When evidence was first collected in the Robbie Lawrence murder case thirty-seven years, investigator used the most advanced technology in processing it—including lifting of prints from Lawrence’s own Remington 30.06 rifle the killer used to commit the crime.
Developing prints using the super glue method was relatively new, having only been discovered in 1978 and then used extensively in following years because of the quality of print produced from the simple procedure.
If you’re a fan of crime TV, you’ve probably seen the super glue method practiced on shows such as CSI, where an object to be printed is placed in a clear, sealed chamber and a gas makes the prints visible on the non-porous surface, such as a gun barrel or drinking glass.
Once the oils left behind by the fingers or hand touching the surface react with the gaseous form of the super glue—made by heating the glue itself until it reaches boiling temperature—dusting powder can be applied to the ridges of the prints, then lifted with a piece of clear tape.
What scientists later discovered is that the super glue method protects any possible DNA left behind by the person who touched the surface of the item being printed—in this case, DNA deposited on the murder weapon on April 26, 1984.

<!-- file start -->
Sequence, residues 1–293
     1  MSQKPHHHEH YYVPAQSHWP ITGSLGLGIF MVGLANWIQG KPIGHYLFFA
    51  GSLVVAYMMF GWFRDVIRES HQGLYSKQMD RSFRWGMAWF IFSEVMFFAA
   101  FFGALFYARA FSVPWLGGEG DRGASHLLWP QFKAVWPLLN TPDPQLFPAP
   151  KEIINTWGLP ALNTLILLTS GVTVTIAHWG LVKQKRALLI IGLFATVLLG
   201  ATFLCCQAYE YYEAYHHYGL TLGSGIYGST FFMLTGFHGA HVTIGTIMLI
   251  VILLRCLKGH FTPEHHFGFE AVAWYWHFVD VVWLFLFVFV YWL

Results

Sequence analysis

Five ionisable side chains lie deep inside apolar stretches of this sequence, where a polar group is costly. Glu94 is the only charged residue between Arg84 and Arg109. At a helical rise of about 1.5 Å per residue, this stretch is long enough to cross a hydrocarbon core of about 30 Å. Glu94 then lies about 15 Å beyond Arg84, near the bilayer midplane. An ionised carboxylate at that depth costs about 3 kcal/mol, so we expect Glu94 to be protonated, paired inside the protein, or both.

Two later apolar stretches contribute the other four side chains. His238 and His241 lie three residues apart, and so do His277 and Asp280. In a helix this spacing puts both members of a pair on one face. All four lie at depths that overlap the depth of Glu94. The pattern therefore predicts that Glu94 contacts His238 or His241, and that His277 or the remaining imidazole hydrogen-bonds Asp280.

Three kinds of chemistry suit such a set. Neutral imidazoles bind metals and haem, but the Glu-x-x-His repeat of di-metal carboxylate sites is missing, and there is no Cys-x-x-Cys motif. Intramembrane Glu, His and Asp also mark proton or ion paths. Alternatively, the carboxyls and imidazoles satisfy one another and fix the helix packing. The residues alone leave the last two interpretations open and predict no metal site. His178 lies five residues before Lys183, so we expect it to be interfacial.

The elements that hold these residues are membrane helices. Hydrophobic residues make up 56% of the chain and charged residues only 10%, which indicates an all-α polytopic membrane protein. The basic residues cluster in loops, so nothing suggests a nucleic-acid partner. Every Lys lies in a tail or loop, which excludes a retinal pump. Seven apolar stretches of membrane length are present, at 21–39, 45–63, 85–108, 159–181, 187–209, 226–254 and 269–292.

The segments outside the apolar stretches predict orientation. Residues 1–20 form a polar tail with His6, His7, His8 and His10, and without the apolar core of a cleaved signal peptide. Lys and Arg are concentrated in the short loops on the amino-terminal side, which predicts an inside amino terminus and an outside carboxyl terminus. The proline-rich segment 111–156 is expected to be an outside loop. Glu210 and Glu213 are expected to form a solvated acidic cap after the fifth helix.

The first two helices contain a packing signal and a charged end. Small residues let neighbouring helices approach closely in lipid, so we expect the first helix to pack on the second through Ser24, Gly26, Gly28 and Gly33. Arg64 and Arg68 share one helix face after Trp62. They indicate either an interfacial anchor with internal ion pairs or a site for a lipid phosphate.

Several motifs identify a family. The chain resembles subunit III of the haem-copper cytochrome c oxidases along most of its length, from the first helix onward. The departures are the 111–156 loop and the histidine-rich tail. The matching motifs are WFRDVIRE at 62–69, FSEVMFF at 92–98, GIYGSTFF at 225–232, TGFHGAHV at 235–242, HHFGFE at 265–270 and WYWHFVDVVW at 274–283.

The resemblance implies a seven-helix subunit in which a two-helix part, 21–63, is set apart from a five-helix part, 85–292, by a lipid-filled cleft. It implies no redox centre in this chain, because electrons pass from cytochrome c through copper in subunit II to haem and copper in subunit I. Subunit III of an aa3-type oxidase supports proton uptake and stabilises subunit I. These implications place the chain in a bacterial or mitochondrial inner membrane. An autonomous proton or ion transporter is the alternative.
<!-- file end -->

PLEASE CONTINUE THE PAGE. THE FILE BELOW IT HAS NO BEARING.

Of course, DNA capabilities for solving crimes did not arrive until several years after Lawrence’s murder, and even then a large sample of DNA was needed to perform a successful analysis.
As detailed in last week’s Review, when the TBI crime lab tested for DNA under the super glue used in 1984 to lift latent prints from the Lawrence murder weapon, they found two different strains of DNA from a mixture of genetic material—the major contributor being “an unidentified male.”
Comparing the strains with DNA from a cigarette butt smoked by prime suspect An………………
…………….FOR COMPLETE STORY, PLEASE READ 8.4.21 ISSUE……………..
Please see the last three issues of the Buffalo River Review for more stories on the Lawrence case, based on information from the investigation case file.